Which are the best classic novel? The Admirable Crichton Ajeema and His Son All Cats Are Gray Amos Fortune: Free Man At the Earth's Core Aunt Florrie Aunt Florrie Beyond the Mango Tree...

Which are the best classic novel? 

The Admirable Crichton

Ajeema and His Son

All Cats Are Gray

Amos Fortune: Free Man

At the Earth's Core

Aunt Florrie

Aunt Florrie

Beyond the Mango Tree

Black Jack

The Black Pearl

The Black Stallion

The Body of Christopher Creed

The Bumblebee Flies Anyway

The Case of Charles Dexter Ward

The Cats of Seroster

The Cay

Charlotte's Web

Cirak’s Daughter

Dangerous Wishes

Fanso and Granny-Flo

The Enchanted Castle

Firegold

Four Horses for Tishtry

 

Heidi

 

Asked on by arohi810

6 Answers | Add Yours

kiwi's profile pic

kiwi | High School Teacher | (Level 3) Educator

Posted on

I would agree that your list does not contain many 'classics' in the traditional sense, and generally these texts would be for children. That said, there are certainly texts which have stood the test of time since their publication. I would select Heidi from your list, as it would probably be the most well-known of your selection.

litteacher8's profile pic

litteacher8 | High School Teacher | (Level 3) Distinguished Educator

Posted on

Those are mostly children's books, and I was surprised to see some of them on the list.  Of these, I think Charlotte's Web is the most influential.  It's a simple, well-written story.  It has powerful themes and beautiful characters.  Most adults have read it and remember it.  That's why it's the most influential, but I have not read all of those so I don't know if it's exactly the best.  That's a bit subjective.

mwestwood's profile pic

mwestwood | College Teacher | (Level 3) Distinguished Educator

Posted on

No offense intended, but when did all these books become "classics"?  Johanna Spyri's Heidi is a very meritable book, one that has stood the test of hearts and time.  Likewise, Charlotte's Web is also of merit as is The Black Stallion by Walter Farley, although my preference for classic horse narratives goes to Anna Sewell's Black Beauty.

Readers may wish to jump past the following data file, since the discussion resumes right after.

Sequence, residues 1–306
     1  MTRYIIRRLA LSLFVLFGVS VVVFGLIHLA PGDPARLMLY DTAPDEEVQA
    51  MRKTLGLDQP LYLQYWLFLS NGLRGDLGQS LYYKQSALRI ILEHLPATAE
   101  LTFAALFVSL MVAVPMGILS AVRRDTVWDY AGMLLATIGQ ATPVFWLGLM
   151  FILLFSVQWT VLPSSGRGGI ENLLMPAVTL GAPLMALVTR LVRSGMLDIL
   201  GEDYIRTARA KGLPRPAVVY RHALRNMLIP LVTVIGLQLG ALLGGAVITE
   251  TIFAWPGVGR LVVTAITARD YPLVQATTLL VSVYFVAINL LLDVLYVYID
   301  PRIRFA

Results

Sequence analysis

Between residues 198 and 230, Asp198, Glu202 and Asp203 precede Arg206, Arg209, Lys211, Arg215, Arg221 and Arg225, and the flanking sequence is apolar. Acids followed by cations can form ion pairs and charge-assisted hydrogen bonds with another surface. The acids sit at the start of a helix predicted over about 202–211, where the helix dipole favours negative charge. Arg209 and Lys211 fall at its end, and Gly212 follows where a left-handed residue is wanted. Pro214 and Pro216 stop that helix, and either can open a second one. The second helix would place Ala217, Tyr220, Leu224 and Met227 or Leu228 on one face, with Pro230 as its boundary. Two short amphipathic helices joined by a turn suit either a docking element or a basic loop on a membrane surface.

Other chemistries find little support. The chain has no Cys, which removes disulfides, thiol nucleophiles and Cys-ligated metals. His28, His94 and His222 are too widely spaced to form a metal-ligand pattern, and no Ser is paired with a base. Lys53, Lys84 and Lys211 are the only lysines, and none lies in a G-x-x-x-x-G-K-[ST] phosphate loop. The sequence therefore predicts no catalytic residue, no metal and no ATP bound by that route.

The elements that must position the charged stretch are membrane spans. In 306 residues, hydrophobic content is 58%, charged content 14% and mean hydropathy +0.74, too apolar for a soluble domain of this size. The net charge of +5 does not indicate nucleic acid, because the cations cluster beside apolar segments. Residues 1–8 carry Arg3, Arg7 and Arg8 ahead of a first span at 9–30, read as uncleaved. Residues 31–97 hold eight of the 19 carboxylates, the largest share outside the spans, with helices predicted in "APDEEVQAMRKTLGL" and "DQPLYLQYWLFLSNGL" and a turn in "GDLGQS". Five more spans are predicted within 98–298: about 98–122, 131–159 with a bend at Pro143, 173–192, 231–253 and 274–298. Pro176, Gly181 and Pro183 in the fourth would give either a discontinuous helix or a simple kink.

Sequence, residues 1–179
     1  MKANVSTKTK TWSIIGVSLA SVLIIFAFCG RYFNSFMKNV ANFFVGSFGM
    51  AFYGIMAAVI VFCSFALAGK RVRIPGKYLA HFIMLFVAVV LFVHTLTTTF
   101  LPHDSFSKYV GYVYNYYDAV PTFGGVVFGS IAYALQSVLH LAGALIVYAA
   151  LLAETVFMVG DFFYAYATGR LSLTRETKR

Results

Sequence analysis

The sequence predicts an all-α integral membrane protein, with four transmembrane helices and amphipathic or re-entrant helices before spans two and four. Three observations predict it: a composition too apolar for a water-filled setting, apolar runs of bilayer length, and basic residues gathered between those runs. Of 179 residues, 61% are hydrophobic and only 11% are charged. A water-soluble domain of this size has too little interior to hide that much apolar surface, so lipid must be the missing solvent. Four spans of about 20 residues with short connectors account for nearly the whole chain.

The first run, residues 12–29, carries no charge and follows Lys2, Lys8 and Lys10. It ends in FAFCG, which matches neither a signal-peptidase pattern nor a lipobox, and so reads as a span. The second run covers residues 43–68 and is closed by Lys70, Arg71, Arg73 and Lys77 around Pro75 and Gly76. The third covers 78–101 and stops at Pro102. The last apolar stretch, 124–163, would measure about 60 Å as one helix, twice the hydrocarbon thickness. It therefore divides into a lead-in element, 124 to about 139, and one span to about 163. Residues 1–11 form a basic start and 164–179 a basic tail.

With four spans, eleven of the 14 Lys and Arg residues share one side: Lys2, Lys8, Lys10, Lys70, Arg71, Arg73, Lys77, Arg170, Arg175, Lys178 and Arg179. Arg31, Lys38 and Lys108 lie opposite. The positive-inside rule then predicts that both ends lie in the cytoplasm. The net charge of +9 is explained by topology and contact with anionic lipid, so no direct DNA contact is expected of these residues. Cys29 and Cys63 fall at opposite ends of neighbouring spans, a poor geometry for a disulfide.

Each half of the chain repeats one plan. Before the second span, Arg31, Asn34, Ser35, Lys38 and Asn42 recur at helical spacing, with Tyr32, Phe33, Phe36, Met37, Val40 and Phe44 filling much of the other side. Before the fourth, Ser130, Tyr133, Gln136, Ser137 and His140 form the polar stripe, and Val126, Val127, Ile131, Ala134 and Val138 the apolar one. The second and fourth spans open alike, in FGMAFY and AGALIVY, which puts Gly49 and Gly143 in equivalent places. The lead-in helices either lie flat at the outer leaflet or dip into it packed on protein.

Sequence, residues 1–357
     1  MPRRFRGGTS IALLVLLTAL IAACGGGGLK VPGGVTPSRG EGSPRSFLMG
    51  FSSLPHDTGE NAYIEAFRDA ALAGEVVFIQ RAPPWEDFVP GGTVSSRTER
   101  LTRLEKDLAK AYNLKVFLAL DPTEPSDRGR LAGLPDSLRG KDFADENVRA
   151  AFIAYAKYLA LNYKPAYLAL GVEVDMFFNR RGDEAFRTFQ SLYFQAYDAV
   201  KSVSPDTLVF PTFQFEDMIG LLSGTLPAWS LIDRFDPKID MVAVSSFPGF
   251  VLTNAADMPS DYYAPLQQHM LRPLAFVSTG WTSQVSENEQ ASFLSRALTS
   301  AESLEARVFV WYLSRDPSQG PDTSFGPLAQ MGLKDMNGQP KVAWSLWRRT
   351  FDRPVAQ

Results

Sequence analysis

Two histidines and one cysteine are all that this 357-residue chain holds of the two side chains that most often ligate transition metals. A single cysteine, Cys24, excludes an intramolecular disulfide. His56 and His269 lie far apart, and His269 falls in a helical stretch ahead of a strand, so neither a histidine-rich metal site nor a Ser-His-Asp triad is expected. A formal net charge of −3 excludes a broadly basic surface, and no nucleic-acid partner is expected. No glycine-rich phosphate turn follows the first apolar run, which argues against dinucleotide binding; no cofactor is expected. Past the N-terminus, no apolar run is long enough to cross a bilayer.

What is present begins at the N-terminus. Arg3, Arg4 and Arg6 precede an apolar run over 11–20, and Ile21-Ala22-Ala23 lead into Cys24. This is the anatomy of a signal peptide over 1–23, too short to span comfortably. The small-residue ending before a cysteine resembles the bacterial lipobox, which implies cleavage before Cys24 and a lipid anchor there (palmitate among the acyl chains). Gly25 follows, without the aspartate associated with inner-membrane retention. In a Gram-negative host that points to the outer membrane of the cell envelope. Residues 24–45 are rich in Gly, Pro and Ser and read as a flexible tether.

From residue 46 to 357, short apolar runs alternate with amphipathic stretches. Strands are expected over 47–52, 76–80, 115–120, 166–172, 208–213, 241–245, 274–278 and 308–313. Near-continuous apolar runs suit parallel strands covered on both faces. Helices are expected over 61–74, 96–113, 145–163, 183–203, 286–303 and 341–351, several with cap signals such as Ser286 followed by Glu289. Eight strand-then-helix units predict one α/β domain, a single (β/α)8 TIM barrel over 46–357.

kplhardison's profile pic

Karen P.L. Hardison | College Teacher | eNotes Employee

Posted on

Well, from this list, which seems a little limited, I'd suggest that Heidi and The Black Stallion are among the most famous and best beloved. This status may include them in the "best novel" category, also. Some might suggest the titles The Witch of Blackbird Pond and Jacob Have I Loved might fall into the category of "best novel," as well.

bullgatortail's profile pic

bullgatortail | High School Teacher | (Level 1) Distinguished Educator

Posted on

I notice that this is only a partial, alphabetized listing, so I'm sure you have some more choices from H-Z. However, of the novels listed, my favorites are:

  • THE BLACK PEARL (by Scott O'Dell).  A spiritual story set in a coastal California fishing village where the search for pearls is all-important.
  • THE BLACK STALLION (by Walter Farley).  A great story about a teenage boy and his beautiful black horse. 
  • THE CAY (by Theodore Taylor).  Set on the West Indian island of Aruba during World War II, it tells the story of a young boy and a black sailor who become stranded on an island following a shipwreck.
akannan's profile pic

Ashley Kannan | Middle School Teacher | (Level 3) Distinguished Educator

Posted on

I think that the answer to this question will vary.  Much of it is going to be dependent on the criteria one uses to determine "the best classic novel."  I will confess that I struggle a bit to consider any of the choices offered as "best classic novel."  With this in mind, I am partial to E.B. White's Charlotte's Web.  I think I have yet to see a novel that treats the issue of death with so much honesty and openness.  White's novel does not shy away from some fairly serious issues such as sacrifice, loyalty, death, honor in the face of cruelty. I would consider this work "the best" from the list because it helps to understand issues such as these in a manner that makes sense.  White's novel does not provide any "easy" or reductive answers, instead choosing to let the complexity of such ideas play itself out and allow the reader to determine if the characters did the right thing.  I think that the novel works its merits, but also in the understanding of life lessons in how individuals  determine what to do and how shall life be lived.

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